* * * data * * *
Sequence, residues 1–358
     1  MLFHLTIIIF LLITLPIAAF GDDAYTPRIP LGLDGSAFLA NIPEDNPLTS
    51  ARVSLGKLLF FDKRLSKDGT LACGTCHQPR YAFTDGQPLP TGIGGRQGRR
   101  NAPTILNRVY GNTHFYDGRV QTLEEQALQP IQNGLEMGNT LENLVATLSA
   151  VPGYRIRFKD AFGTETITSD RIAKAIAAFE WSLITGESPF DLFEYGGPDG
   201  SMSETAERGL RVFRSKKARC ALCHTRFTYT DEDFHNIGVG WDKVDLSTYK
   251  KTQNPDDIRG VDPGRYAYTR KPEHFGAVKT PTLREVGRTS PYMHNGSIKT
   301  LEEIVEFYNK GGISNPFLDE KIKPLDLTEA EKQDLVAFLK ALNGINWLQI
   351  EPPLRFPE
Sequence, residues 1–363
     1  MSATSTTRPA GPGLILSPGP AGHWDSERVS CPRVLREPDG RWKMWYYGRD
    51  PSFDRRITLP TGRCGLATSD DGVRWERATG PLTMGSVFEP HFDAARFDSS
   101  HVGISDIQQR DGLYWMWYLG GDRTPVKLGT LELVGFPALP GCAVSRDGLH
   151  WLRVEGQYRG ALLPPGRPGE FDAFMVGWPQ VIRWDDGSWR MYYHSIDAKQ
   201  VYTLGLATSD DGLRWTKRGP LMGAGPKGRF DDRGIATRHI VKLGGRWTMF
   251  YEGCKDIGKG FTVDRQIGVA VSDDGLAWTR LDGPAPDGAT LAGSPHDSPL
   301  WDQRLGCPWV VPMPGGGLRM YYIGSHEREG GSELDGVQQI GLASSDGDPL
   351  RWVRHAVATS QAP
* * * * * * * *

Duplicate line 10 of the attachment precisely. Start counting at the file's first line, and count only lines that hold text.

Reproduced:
Sequence, residues 1–363